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Afghan refugee now teaching Wisconsin college students about global affairs

'It's been a year and a half now living in Stevens Point. I think we are getting well settled now,' says Najib Azad, a former Afghan government official

Afghan evacuees receive a resettlement pre-brief at Fort McCoy
Afghan evacuees receive a resettlement pre-brief, Oct. 28, 2021, at Fort McCoy, Wisc. The evacuees learn about the entire moving process step-by-step from Fort McCoy to their new home in the United States.  U.S. Army photo by Staff Sgt. Ryan Rayno, 181st Multifunctional Training Brigade

On Aug. 21, 2021, Najib Azad, his wife and their four children fled Afghanistan as American military forces withdrew from the country and the Taliban regained power.

Today, the family is living in Stevens Point as part of a refugee resettlement program, and Azad, a former press secretary in the Afghan government, is teaching global affairs at the University of Wisconsin-Stevens Point.

Azad recently appeared on WPR’s “The Morning Show” to discuss his journey to Wisconsin and the challenges that refugees face.

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“I will never be the same person and even my children will not be the same,” he said.

The following was edited for clarity and brevity.

Kate Archer Kent: You’re a visiting lecturer at UW-Stevens Point. What are you teaching students?

Najib Azad: I’ve been teaching at UW-Stevens Point since March 20, 2023. I am teaching global affairs, especially in the part of the world that most Americans and American students are not familiar with — the Middle East, Asia, Central Asia, the Ukraine and Russian conflict, now Palestine and Israel.

KAK: Do the conflicts interconnect in some way?

NA: I believe they’re all interconnected. We have an oil issue and a water issue that controls those roads. We have Iran, China, Russia — regional powers. On the other side, the United States with its allies in Europe and NATO. All these conflicts, unfortunately, are fought on somebody else’s soil. But the war is between the big international and regional powers.

KAK: How do you feel about your family’s new life in Stevens Point?

NA: There have been challenges. There have been difficulties. But at the end of the day, what we went through, and where we came from, and how we came and made it to Wisconsin’s Stevens Point, was a relief. The post-trauma phase of our life.

It’s been a year and a half now living in Stevens Point. I think we are getting well settled now.

KAK: How long was your family in America before settling in Wisconsin?

NA: We left our country on August 21, 2021. Then, it took us four days to make it to Qatar. Then we went to Germany where we lived for about three months, where we lived a life like prisoners. Even prisoners have some privileges and benefits that we were not even allowed to have — nail clippers for three months.

You’re not allowed to have a trimmer to trim your beard. We weren’t allowed to have razors. We were given the same food — boiled chicken — twice a day. Then in October 2021, we made it to the United States and we were taken to Virginia, where we had to stay for three more months. Then in January 2022, we were sent to Wisconsin.

We didn’t really feel that we were in the United States. Since day one in the Kabul International Airport, it was the Afghan refugees and the American forces. Then the same thing in (the) Middle East. Outside the military base, the time that we started feeling or observing or believing that we were in the United States was January 2022 and that was in Wisconsin.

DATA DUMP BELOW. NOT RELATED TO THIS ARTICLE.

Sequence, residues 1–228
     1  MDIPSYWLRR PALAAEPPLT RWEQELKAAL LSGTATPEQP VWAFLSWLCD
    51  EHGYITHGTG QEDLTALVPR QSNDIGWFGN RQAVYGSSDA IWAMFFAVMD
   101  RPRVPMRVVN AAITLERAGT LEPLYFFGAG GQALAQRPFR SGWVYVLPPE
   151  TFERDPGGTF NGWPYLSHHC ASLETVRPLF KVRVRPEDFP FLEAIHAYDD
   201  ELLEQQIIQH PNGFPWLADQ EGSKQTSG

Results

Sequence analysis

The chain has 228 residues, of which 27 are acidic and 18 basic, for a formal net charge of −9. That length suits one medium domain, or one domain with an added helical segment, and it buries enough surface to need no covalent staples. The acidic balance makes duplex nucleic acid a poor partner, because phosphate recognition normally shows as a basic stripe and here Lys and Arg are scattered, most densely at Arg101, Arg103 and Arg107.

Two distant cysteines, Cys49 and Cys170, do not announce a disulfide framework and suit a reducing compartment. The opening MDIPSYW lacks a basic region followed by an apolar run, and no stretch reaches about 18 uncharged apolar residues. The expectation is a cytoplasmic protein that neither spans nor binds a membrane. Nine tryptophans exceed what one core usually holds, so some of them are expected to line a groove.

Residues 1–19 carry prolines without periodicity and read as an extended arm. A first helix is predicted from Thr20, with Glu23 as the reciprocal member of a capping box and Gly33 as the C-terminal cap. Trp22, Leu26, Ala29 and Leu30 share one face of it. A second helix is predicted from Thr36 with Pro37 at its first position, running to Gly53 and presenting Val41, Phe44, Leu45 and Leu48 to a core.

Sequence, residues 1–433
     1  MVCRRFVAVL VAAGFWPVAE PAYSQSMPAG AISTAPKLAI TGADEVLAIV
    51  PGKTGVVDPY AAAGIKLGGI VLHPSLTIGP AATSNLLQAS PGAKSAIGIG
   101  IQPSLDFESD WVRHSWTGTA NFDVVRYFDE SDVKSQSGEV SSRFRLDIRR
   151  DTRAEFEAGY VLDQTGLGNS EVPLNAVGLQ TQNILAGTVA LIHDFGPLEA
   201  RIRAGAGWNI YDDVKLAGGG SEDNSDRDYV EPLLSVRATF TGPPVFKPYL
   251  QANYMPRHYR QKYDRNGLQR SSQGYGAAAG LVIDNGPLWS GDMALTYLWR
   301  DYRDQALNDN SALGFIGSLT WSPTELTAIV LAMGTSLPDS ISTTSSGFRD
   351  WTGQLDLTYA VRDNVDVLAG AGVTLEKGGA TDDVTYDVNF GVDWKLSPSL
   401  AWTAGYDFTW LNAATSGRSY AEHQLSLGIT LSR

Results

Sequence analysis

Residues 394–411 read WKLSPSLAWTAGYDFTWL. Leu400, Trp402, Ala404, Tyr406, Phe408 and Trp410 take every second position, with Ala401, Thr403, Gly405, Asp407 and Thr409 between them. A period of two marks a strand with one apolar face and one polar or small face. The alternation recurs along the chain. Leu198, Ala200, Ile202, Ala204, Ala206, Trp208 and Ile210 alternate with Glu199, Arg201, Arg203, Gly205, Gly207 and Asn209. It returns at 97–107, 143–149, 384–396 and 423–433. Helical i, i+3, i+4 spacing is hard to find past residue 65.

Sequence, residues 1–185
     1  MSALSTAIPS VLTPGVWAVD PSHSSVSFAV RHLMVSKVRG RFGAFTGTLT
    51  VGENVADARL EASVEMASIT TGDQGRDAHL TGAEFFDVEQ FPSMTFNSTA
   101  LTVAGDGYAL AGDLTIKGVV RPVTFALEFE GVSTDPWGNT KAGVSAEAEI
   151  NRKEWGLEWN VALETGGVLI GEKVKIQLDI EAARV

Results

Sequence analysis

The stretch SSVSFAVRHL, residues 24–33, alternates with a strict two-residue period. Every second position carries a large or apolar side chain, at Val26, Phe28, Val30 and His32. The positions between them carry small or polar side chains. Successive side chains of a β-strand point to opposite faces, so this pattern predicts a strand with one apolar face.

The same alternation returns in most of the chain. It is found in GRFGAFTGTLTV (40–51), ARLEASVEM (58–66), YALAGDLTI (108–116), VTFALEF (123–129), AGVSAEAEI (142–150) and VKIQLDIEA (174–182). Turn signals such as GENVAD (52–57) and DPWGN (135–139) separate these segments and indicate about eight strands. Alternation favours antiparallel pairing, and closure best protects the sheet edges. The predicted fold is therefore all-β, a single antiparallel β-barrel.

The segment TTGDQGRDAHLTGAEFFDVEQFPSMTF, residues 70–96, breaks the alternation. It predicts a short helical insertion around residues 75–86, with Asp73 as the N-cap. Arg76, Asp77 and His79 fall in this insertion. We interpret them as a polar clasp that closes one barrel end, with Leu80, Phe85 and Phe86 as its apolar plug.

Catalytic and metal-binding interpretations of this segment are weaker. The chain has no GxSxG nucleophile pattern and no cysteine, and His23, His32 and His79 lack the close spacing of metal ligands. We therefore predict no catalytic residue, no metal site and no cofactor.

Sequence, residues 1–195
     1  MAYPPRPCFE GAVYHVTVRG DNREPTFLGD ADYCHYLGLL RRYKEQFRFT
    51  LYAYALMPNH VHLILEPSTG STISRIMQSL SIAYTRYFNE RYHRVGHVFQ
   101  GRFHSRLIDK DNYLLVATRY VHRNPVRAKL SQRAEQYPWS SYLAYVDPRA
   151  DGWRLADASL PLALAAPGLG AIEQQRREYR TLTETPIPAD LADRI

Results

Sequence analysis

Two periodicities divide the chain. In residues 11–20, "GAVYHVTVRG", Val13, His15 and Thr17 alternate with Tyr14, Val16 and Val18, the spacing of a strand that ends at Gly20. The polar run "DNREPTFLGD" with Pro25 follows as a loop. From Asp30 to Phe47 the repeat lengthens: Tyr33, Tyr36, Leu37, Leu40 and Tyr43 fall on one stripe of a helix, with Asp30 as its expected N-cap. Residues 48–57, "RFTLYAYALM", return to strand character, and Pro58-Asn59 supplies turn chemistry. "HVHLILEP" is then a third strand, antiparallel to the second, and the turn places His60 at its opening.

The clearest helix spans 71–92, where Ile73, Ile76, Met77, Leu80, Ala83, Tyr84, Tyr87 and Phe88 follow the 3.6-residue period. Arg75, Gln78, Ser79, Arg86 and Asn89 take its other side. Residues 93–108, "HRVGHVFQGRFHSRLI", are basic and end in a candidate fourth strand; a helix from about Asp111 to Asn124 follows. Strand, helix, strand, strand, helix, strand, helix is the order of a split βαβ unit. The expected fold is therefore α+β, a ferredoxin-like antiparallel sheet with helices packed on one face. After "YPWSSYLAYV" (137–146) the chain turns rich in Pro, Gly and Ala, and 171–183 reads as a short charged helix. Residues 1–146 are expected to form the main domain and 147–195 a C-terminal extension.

KAK: How were your first three months in Wisconsin?

NA: Our American nation is the nation of immigrants. Everyone is an immigrant or everyone has a background of immigration. However, there were only nine national resettlement agencies in the United States. Then suddenly, after the collapse of the Afghan regime, 90,000 to 100,000 Afghans were evacuated in less than 15 days and then in less than three months to the United States. But the number of resettlement agencies remained the same.

Within a few weeks, they were overwhelmed with people with a completely different culture, tradition and norms. The resettlement agencies were awarded money for their staff and salaries. Most of the resettlement agencies found volunteers. People have been very kind and helpful everywhere, not only in Wisconsin. But the volunteers were not trained to work with the immigrants as refugees or evacuees or asylees. They would wait to be told or asked for assistance.

KAK: How does your family’s past experiences influence who you are now?

NA: Unfortunately, I’m the third generation in my family, and my children are the fourth generation in my family to have been refugees. My grandpa was forced to leave his country by the Russians when they attacked Afghanistan. Then, my dad was forced to leave his country to Pakistan during a civil war.

Of course I was only 9. I had to leave my classmates, my school, my friends, and everything that I was attached to. The same thing happened to my son, who was 9 at the time when we left the country. I will never be the same person and even my children will not be the same, especially my elder son, who is 11 now.

There was an attachment. We left our loved ones. I left my parents and my siblings behind. I worked as a press secretary for the former Afghan president. I had to be on television every other day, and the Taliban, they knew me pretty well. Because of my parents and siblings’ association with me, they have been cautious. They are still being tortured, and they are being arrested.

This experience of being a refugee forever, it’s painful. It’s really painful. Being a refugee is never a choice. Being an immigrant is never a choice.

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